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Thread: WTB-Edge Pro Apex

  1. #11

    JohnnyChance's Avatar
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    Just tape the blade otherwise you will get plenty of scratches on it using the EP.
    "God sends meat and the devil sends cooks." - Thomas Deloney

  2. #12
    Senior Member Justin0505's Avatar
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    Quote Originally Posted by JPizzzle View Post
    Thanks for the offer Rick, I'll PM you.

    Hmm, maybe I should research this thing more...I suck at sharpening and now that I have a more high end knife coming in, I figured that this may be a safer way to get an edge back without the risks of scratching. I'll read up on this more-tux
    I've always said that the edge pro was a great teaching tool for me. It helped to understand angles/ compound angles , burr formation and reduction, grip progression, what works on one blade better than on another and why etc, all in a very scientific way that eliminated more of the "me factor" from the equation vs sharpening by hand. I had been sharpening by hand since before I could ride a bike, so I wasn't bad to begin with, but what I learned with the EP made me a much better free-hand sharpener. It was also a big confidence booster that gave the courage to experiment more and on some pretty intimidatingly expensive knives. I really don't use it much anymore, but I would also never sell it.

    Still, if you have the chance to try one out for free, then go for it!
    "I gotta tell ya, this is pretty terrific. Ha hahaha, YEAH!" - Moe (w/ 2 knives). http://www.youtube.com/watch?v=YVt4U...layer_embedded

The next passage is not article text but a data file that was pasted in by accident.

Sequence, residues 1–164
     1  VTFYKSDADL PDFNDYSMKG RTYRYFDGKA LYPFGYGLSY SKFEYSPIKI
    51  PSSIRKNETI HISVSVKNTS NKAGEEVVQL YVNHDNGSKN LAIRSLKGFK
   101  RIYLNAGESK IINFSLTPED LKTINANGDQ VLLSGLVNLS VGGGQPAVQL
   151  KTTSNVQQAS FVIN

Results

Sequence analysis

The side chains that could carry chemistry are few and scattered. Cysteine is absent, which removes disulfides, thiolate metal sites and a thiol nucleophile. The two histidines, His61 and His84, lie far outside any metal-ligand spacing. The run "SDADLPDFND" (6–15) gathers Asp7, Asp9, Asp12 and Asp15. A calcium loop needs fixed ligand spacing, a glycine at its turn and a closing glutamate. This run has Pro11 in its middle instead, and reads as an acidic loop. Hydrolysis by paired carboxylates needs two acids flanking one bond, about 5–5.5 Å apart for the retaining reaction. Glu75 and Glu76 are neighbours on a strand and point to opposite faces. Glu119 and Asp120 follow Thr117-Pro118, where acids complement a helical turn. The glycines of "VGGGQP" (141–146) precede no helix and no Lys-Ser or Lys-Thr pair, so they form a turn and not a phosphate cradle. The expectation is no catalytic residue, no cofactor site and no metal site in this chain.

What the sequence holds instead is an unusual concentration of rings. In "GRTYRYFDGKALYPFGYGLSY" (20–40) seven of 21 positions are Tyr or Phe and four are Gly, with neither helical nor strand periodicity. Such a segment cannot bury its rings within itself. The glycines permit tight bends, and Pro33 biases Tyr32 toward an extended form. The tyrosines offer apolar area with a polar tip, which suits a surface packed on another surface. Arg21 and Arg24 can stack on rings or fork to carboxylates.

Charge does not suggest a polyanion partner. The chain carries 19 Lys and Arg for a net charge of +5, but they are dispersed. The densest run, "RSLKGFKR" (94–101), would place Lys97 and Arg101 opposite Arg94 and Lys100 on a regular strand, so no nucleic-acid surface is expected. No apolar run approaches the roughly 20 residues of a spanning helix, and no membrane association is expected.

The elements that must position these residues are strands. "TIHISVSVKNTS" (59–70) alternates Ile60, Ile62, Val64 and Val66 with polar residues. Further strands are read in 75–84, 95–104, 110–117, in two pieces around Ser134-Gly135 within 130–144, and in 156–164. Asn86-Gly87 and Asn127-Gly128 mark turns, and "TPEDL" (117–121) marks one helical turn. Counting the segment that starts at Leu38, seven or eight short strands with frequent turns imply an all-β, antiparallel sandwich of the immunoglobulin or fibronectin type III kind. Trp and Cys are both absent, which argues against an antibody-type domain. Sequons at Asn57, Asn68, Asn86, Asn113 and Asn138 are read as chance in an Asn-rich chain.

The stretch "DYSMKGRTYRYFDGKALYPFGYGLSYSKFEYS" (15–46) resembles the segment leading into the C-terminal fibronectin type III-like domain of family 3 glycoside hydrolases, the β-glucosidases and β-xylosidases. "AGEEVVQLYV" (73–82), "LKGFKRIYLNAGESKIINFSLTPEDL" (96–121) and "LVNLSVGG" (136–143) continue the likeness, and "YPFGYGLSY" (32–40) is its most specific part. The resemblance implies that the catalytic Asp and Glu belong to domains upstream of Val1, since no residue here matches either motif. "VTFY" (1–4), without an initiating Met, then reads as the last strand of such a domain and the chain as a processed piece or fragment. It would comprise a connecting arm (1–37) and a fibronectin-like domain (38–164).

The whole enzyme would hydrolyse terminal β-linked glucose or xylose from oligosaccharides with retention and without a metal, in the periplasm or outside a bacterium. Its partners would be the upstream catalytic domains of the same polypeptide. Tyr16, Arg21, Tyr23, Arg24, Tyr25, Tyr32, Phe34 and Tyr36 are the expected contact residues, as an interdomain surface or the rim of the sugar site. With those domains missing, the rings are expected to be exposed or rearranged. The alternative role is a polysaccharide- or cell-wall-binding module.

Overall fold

3. #13
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    After doing some research and some advice from great members, I think I will spend some more time on my free hand skills

    The Rodrigue won't need a new edge for a while, so if my skills/confidence aren't up to par by then, Dave will have a package in the mail for sharpening hah
    JP

  4. #14
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    HIJACK- Can someone point me towards some good information on free hand versus edge pro?

  5. #15
    Senior Member Benuser's Avatar
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  6. #16
    Senior Member Mrmnms's Avatar
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    From an old post somewhere


    Freehand? Jig?
    For me the answer is YES!
    I've used both methods for probably over 15 years, and they each have a place. I just added the EP, and that has to be one of the most versitile and "bang for the $$" jigs around. I find it very useful for re-setting bevels and angles - correcting mistakes of the past and setting a path for the future. I've also used it side by side with freehand. And I find it really convenient for throwing a great edge on either beaters or daily users when I don't really have the time to concentrate on freehand (which in my house is most of the time) Lately, I've had to tame my OCD for all things sharpening, tame my OCD for knife lust, and instead try to put a meal on the table to enjoy with the wife and kids before one has to go sports practice, another to a friends house and the third wants to sit and watch tv with me.

    IMHO, the EP is a great solution for someone new to sharpening, new to J-knives or someone who thinks that steel rod thingy or a chefs choice are sharpening options.

    While I truely prefer to freehand, my freehand experience makes me appreciate and do a better job using the EP...and the EP improves and makes me do a better job freehanding.

    I like Marko's analogy. When I first started to cook, I followed a recipe for french toast. No I don't. But if I'm cooking something new, say a tagine or Indian, I follow a recipe first.

    So I'll 2nd that notion but then add some of my thoughts and experiences too.

    One of the biggest misconceptions that I feel people have about the EP is that there is a very short learning curve and very little skill or understanding involved in using it to it's full potential. I feel that there is less of a learning curve / motor skill development required with the EP than freehand and that you can be a "proficient novice" with the EP faster than you can be freehand. However, mastering the EP takes time and the same understanding of the mechanics of sharpening, steel, edge performance, and cutting application.